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    I don't see a problem with (1). Some students decided they learn better without being present at the lecture. So what? It's their decision, the exam will show if it was a good one.
    – user111388
    Feb 6 at 19:04
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    I think you should add a 'US' tag - in the European countries where I studied and then taught such demands would be first met with incredulity and afterwards simply ignored. It is probably because we are not customers of our students but we have experience in how to best teach them (which is of course megalomaniac, I am not saying that this is better, just different from the US)
    – WoJ
    Feb 6 at 19:59
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    "I have been soliciting advice from students" current students? That's a kick-me sign. 'Meet it with incredulity', aka: learn how to say no. Or read the page length answer below that amounts to winning friends and influencing people.
    – Mazura
    Feb 6 at 23:10
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    I've had profs whose policy it was to make homework harder than exams, because you only have so much time to spend on an exam, so naturally people won't be able to solve the same kinds of problems in a shorter amount of time; it'd be unreasonable to expect otherwise. I've also had profs whose policy it was to make exams harder than homework, because, well, it needs to gauge and differentiate the level of mastery between different students, and that requires it to be harder. So what's the right way? Idk, whatever floats your boat. I was fine with either, but both approaches got complaints...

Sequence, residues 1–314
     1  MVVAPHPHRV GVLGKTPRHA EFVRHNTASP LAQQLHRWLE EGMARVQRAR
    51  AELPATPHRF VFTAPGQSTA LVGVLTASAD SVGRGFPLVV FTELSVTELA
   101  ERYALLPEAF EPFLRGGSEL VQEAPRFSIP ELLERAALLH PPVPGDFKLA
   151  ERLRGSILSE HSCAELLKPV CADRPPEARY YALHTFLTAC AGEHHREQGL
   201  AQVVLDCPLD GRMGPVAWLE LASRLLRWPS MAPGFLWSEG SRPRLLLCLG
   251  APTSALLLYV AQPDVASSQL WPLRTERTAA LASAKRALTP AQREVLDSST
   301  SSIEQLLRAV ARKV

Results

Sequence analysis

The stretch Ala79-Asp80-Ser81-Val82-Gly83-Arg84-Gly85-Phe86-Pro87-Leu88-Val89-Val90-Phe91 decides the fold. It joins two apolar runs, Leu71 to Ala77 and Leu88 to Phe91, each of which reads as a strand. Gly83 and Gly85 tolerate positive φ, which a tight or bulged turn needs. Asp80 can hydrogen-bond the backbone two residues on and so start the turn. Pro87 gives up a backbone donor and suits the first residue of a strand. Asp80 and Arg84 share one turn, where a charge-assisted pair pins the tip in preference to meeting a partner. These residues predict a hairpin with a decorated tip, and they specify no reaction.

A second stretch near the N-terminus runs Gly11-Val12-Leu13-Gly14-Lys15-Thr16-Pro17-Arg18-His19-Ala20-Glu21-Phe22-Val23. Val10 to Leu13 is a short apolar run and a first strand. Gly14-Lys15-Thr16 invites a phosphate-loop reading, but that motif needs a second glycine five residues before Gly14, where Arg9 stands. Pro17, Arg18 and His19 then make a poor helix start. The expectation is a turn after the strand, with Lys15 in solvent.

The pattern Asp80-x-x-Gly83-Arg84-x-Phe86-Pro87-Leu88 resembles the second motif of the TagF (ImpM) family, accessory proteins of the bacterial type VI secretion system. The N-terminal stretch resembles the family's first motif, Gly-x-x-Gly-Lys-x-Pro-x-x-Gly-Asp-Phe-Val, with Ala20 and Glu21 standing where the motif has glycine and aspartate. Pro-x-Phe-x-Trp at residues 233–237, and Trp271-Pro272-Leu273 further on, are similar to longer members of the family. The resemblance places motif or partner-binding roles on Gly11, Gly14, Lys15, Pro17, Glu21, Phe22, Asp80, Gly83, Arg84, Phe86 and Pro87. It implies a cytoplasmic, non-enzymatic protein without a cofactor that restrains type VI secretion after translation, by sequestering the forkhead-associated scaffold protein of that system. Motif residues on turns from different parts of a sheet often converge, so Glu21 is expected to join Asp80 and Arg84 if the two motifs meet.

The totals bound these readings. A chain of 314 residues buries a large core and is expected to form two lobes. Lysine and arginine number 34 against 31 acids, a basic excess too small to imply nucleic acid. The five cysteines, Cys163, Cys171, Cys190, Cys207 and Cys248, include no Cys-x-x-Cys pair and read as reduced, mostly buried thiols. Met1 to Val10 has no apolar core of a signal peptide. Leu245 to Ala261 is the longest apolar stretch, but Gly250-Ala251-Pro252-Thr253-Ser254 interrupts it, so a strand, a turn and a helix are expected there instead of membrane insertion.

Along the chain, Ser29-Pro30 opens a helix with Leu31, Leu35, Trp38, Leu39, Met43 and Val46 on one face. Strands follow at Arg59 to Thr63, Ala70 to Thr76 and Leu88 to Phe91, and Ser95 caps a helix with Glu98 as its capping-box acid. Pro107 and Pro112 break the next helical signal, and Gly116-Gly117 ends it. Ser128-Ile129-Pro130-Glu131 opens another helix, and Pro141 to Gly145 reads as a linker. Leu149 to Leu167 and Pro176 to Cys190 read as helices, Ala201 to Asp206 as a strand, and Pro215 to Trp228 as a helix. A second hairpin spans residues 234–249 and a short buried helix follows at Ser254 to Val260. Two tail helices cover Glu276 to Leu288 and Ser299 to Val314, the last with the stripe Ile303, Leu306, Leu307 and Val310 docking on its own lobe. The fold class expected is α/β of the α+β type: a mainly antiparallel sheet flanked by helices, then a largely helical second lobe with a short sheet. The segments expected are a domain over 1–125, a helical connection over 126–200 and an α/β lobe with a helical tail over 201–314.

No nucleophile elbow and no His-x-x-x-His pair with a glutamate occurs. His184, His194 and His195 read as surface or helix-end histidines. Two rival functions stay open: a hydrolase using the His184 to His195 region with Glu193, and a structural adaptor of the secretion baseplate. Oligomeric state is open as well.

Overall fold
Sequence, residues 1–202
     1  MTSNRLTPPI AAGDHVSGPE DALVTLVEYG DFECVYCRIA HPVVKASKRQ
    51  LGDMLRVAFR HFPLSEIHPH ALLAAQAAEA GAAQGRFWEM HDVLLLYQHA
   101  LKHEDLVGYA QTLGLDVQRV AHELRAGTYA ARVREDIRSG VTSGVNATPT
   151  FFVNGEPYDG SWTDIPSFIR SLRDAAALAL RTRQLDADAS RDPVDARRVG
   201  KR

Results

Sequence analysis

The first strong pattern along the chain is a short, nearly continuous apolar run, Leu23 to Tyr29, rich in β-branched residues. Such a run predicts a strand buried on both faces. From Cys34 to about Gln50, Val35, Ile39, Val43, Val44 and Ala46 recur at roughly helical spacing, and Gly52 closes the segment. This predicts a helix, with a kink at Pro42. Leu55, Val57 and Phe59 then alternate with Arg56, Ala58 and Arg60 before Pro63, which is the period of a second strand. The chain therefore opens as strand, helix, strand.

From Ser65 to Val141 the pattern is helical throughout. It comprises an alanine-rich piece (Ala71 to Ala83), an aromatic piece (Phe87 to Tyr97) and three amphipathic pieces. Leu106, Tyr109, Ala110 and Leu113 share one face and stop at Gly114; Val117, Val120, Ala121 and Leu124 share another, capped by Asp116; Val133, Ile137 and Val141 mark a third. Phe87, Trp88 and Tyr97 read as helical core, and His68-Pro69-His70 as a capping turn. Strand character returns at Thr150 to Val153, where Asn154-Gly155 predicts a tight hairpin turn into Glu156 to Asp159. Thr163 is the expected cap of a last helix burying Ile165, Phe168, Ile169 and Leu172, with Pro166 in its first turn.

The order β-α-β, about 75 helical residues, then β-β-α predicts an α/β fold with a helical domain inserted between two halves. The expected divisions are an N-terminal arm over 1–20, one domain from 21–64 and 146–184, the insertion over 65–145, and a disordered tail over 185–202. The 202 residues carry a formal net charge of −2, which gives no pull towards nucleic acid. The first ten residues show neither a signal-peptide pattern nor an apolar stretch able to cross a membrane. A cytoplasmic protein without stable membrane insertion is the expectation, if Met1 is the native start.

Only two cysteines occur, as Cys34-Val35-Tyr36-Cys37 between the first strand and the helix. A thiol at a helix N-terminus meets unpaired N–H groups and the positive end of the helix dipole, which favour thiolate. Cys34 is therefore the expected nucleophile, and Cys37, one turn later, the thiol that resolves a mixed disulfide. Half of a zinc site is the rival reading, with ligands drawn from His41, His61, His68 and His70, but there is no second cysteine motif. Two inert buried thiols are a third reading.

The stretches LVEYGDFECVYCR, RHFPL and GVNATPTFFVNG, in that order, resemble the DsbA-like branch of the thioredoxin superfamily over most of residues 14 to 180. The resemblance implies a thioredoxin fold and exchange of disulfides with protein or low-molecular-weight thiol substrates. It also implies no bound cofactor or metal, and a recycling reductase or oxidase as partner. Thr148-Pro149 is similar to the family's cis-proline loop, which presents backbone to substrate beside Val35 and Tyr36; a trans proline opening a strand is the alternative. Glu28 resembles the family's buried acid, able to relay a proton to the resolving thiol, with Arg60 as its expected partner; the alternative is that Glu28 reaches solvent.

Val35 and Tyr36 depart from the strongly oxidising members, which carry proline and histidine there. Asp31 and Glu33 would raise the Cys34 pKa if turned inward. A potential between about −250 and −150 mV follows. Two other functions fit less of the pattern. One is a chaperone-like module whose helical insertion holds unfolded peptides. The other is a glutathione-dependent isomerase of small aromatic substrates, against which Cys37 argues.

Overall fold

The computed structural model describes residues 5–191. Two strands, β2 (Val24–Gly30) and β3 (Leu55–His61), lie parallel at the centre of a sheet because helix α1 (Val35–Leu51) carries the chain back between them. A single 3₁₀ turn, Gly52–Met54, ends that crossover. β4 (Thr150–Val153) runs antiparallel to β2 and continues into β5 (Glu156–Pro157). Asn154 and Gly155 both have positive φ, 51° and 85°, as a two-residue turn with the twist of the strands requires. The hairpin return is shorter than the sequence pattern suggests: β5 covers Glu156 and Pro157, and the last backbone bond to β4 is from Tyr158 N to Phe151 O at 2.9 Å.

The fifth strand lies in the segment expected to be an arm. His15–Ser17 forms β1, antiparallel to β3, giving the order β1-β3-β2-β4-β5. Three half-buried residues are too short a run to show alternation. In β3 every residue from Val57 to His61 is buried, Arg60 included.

– user541686
    Feb 7 at 4:01
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The game is: you listen, but then, you decide. Just because students don't like something, you do not have to do what they ask. Check whether what they say has merit, if so, you can promise to change for next year (or for the current if there is enough flexibility).

Well-designed courses often cannot be massively adapted on the fly. I always explain to students my rationale about unpleasant things, and I do that upfront (very important!). If you have no rationale, it means you have no good reason to do it the way you do and you should strongly consider to change it.

Note that giving in to every whim of your students is the surest way to lose respect. I am considered strict, but make sure I find out what students need, not what they want. And I practically always explain my rationale. I most certainly not always do what they ask, but I take it into account where it makes sense and they always get an insight of my decision process.

Most react well to that. If someone complains, I give them one opportunity, tell them I will decide whether I take it aboard, but then close the discussion. They have had their input, I will contemplate it, and apply either in that round or in the next years' one. Once the decision is made (which needs to be balanced and fair), you thank them for their input, but the discussion is closed.

In your case:

  1. If absence damages the learning, revert to not giving out the slides, and explain why. However, if you are simply piqued by them not attending while the performance is fine, let it go. Ego has no place in the consideration. Alternatively, if they can pick up everything from the slides, maybe the latter are too detailed, or the course is too easy. Which of these is it?